After Twitter’s defiant refusal to ban fake news purveyor and conspiracy theorist Alex Jones, CNN proved he had violated the social media company’sTerms of Service. Twitter refused to join YouTube, Facebook, Spotify, and other top platform in banning Jones.
But then, as is often the case on Twitter, a movement to get Jones off Twitter sprung into action. 50,000 users blocked Twitter’s top advertisers.
Good morning! To encourage Twitter to drop Alex Jones, I just blocked the Twitter accounts of every Fortune 500 company w/ a Twitter presence. Ready to mass block Twitter’s most lucrative advertisers with me? There are three quick & easy ways. Instructions are in this thread.
— Shannon Coulter (@shannoncoulter) August 12, 2018
The same day, Jones posted a literal call to arms on Twitter’s Periscope video platform, telling supporters to get their “battle rifles” ready, as Media Matters reported Tuesday.
Twitter reportedly asked Jones to take the video down. In other words, they gave him special treatment, just as they did after CNN’s report that about 20 of Jones’ tweets violated their TOS. Twitter announced that since Jones removed the offending tweets they would take no action.
But finally, late Tuesday night, Twitter appears to have handed Jones literally the lightest form of punishment available. He can still use Twitter but cannot post to the social media platform – for a week, as CNN’s senior media reporter Oliver Darcy tweeted:
Twitter spox confirms to me that the company has limited key functions on Alex Jones’ account after determining he violated another one of network’s policies. He can still browse Twitter, but can’t tweet, retweet, etc. for 7 days. Jones also required to delete offending tweet.
— Oliver Darcy (@oliverdarcy) August 15, 2018
CNN, confirming the suspension, reports Jones’ video said, “now is time to act on the enemy before they do a false flag.”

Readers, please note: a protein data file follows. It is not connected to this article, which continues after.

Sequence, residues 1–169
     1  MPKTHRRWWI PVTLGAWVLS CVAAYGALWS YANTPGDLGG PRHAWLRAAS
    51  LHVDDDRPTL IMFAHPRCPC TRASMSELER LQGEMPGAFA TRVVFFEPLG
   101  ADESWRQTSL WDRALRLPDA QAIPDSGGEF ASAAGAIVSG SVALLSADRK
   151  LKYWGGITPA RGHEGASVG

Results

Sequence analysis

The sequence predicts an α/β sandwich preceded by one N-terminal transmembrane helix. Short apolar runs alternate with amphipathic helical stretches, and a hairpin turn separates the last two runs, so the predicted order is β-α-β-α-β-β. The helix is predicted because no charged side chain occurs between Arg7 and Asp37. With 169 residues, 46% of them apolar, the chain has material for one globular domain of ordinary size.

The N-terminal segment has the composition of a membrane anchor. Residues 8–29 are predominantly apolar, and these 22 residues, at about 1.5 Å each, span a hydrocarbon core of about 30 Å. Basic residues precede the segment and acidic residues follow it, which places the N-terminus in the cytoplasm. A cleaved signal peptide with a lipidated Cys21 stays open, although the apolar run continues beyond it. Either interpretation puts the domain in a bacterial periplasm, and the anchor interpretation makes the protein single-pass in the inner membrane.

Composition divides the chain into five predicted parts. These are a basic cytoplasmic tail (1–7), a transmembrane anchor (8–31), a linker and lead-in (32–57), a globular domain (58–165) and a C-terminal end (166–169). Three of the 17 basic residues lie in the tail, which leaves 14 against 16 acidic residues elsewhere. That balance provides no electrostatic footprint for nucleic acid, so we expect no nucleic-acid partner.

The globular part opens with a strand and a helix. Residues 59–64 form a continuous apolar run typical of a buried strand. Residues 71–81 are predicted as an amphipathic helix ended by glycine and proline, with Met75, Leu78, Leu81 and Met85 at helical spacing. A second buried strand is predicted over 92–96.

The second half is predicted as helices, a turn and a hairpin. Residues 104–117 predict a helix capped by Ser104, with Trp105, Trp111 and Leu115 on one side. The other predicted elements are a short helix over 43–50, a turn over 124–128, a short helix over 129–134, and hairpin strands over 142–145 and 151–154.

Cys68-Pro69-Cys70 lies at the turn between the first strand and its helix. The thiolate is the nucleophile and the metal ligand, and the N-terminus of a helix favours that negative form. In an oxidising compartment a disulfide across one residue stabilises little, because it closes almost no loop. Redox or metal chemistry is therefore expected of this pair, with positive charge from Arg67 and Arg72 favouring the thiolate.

Twitter “suspending” Jones for just seven days is a slap on the wrist.
Earlier this week Jones announced that Twitter CEO Jack Dorsey, who has been the public face of the company’s refusal to ban Jones, an “ally against globalists.”
Donald Trump’s big short: Is the president profiting off the market chaos he creates?
Back in early 2018, I noticed something hinky about the confluence of Donald Trump’s blurts about his trade war with the movement of the stock market. As I wrote in this space back in August, I believe Trump or people close to Trump might be profiting off the volatility of the markets ever since the president first declared a trade war against our allies and frenemies alike.
Since the passage of the 2009 stimulus, and with the exception of 2015, the markets have been mostly climbing steadily, in a relatively smooth upward slope. This ascending trajectory continued through the first year of Trump’s presidency until suddenly we began to observe harrowing single-day declines — volatility in the form of precipitous collapses of as much as 1,175 points in the Dow.
Trump Jr. and McGahn didn’t testify before the Mueller grand jury — and a federal judge wants to know why
During the Russia investigation, former special counsel Robert Mueller sought testimony from a long list of people. But according to a court filing on Sunday, two people who Mueller did not force to testify before a grand jury were Donald Trump Jr. and former White House Counsel Don McGahn. And U.S. District Judge Beryl Howell wants to know why.
The court filing on Sunday, according to The Week, was in response to a ruling Howell made on Thursday — when Howell asserted that the U.S. Department of Justice (DOJ) was withholding too much information from the House Judiciary Committee, chaired by Rep. Jerry Nadler of New York. The House Judiciary Committee, The Week’s Peter Weber reports, has been “wrangling” with DOJ over the evidence that Mueller obtained during his lengthy investigation.
James Byrd, Jr., John William King, and the history of American lynching
In February, 1999, John William King – who was executed in Huntsville, Texas on April 24, 2019 –became the first white man in modern Texas history to be sentenced to death for killing a black person. How that black person, James Byrd, Jr., died was no mystery. Three self-proclaimed white supremacists had drawn up a plan to start a race war while they were in prison. These men chained Byrd to the back of their pickup truck and dragged him for a mile and half until his head and right arm were torn from his body by a concrete culvert on Huff Creek Road in Jasper County.